Twenty-nine and seven one-thousandths. No, that’s not a fraction from the world’s worst third grade math problem. Twenty-nine is an age and seven one-thousandths of an inch is the diameter of an average human hair. When I was twenty-nine, a single, coarse, dark-brown hair sprouted from the underside of my chin. I already had a handful of gray hairs tucked under a bed of various browns on the front, right side of my head, but at least those grew from the part of my head that female hair is supposed to grow from. Continue reading →
Of the many ways in which my body has started falling apart as I enter middle age, the knee pain I recently acquired has been the most unexpected. I’m not a runner, nor am I terribly athletic or active in any way, so it’s not as if my knees have taken a pounding over the last 37 years. But I have had a lifelong habit of sitting on my feet, so maybe I shouldn’t have been all that surprised when last November it started taking me several minutes to fully stretch my legs out again after I had been curled up. Or when in December I found I was no longer able to fully tuck my right leg under me without piercing pain. Or when in January, some parts of the bones started sticking out awkwardly from my knee cap.
Luckily, a simple knee brace from the drugstore and intense vigilance to my posture while seated made these problems a thing of the past by spring. And so two weeks ago I thought that climbing a 14er, something I haven’t done in over five years, would be a good idea. You may think the hard part is going uphill for three hours gulping at the oxygen-deprived air, certain you can’t possibly force yourself to engage your thigh muscle to bring your foot up one more time, but you’d be mistaken. Downhill is the real torture, especially on your knees. Gravity pulls you down, faster and faster, forcing you to keep going, making your feet move so quickly that you don’t even know if your next step will be on a loose pile of rocks that will go flying out from under you or on a solid chunk of unyielding granite that slams all your body weight into your already wasted knees. Most often it’s the latter, over and over and over. As many times as I had to stop to fill my lungs on the way up, I had to stop to massage and stretch out my knees on the way down. Continue reading →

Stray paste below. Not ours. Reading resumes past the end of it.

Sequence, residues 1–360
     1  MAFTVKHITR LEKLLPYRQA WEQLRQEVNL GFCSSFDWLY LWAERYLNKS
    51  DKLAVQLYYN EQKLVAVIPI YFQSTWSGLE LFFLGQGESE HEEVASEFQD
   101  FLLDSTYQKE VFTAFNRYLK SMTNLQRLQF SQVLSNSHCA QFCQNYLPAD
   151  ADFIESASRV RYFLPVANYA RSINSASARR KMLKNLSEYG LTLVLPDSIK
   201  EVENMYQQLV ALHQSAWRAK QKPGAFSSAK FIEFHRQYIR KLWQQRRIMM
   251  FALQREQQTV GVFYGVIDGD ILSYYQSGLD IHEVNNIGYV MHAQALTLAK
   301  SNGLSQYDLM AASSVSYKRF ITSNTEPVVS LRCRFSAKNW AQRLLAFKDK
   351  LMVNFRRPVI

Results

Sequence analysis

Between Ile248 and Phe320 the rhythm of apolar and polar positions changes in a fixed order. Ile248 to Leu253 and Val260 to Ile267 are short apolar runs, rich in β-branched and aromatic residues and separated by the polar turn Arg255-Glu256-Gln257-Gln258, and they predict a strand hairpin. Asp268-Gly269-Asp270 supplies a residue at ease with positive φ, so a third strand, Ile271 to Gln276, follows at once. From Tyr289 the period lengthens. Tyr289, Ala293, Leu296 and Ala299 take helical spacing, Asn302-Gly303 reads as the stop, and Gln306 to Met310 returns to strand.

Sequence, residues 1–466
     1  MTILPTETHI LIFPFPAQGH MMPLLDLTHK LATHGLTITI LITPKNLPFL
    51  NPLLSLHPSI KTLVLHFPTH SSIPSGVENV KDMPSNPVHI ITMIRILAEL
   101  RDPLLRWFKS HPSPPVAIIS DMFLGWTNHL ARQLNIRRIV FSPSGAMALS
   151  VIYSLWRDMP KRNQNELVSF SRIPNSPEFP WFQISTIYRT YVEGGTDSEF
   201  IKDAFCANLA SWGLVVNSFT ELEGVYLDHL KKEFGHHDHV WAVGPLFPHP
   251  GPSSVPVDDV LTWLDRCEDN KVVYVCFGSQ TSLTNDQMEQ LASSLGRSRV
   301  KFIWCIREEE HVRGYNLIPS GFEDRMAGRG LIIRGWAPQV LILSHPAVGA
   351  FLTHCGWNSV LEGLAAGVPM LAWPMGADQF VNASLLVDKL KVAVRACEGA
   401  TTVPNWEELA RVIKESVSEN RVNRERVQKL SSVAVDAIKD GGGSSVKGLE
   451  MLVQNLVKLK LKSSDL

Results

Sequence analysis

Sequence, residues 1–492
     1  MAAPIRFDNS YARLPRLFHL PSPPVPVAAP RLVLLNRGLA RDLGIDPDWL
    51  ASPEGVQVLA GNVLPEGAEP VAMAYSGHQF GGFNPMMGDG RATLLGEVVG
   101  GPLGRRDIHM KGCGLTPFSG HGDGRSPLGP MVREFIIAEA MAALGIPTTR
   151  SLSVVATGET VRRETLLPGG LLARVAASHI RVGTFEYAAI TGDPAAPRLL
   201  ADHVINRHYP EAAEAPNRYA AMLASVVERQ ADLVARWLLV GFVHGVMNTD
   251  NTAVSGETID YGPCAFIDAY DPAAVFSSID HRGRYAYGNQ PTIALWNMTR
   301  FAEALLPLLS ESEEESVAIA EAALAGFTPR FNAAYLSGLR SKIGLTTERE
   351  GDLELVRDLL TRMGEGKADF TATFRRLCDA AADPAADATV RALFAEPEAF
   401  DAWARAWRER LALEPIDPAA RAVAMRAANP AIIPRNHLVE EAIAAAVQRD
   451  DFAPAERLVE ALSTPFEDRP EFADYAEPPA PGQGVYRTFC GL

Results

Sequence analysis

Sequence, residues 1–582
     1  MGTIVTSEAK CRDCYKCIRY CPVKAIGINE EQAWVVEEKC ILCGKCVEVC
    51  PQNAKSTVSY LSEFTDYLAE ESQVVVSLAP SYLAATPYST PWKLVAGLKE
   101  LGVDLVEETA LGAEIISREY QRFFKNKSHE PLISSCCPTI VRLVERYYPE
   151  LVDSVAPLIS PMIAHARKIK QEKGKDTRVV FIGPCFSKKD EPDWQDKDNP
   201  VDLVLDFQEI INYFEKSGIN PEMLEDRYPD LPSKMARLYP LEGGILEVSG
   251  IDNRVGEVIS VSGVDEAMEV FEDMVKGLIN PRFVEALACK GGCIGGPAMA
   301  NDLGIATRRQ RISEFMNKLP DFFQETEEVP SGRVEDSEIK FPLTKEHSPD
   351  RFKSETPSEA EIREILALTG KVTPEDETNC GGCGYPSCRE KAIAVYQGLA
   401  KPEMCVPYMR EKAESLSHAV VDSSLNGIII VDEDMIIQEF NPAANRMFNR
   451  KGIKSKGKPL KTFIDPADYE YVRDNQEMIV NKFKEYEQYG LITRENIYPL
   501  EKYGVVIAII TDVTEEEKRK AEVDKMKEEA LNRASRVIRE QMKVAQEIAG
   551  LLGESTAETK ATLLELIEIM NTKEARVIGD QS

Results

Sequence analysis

I used to be afraid of my parents’ bedroom because it lay at the end of the upstairs hallway, far away from the brightly lit staircase and the liveliness of my family of seven, sometimes eight, down below and even though that fear had always been just because of the location and the darkness, my fear grew noticeably worse after I watched an episode of the Twilight Zone in which a little boy had been left alone in the house with his ailing grandmother and when she called to him and he went to check on her, her scrawny arm reached out from under the covers and grabbed him and he discovered that she was a horrible looking monster who I was sure slept in my parents bed (or maybe under it or maybe in the closet) whenever they weren’t there and no one had thought to turn on the upstairs hall light yet so I had to creep through the total darkness to get to the room and grab whatever little woobie toy I was in need of and then go fleeing down the carpeted stairs as fast as my sock feet could take me without slipping out from beneath me, sending me bumping on my fanny eleven steps down to the landing where I could stand up and compose myself and then walk calmly into the kitchen where everyone else was still eating dinner and I could pretend that I hadn’t just escaped the very Devil herself once again. Continue reading →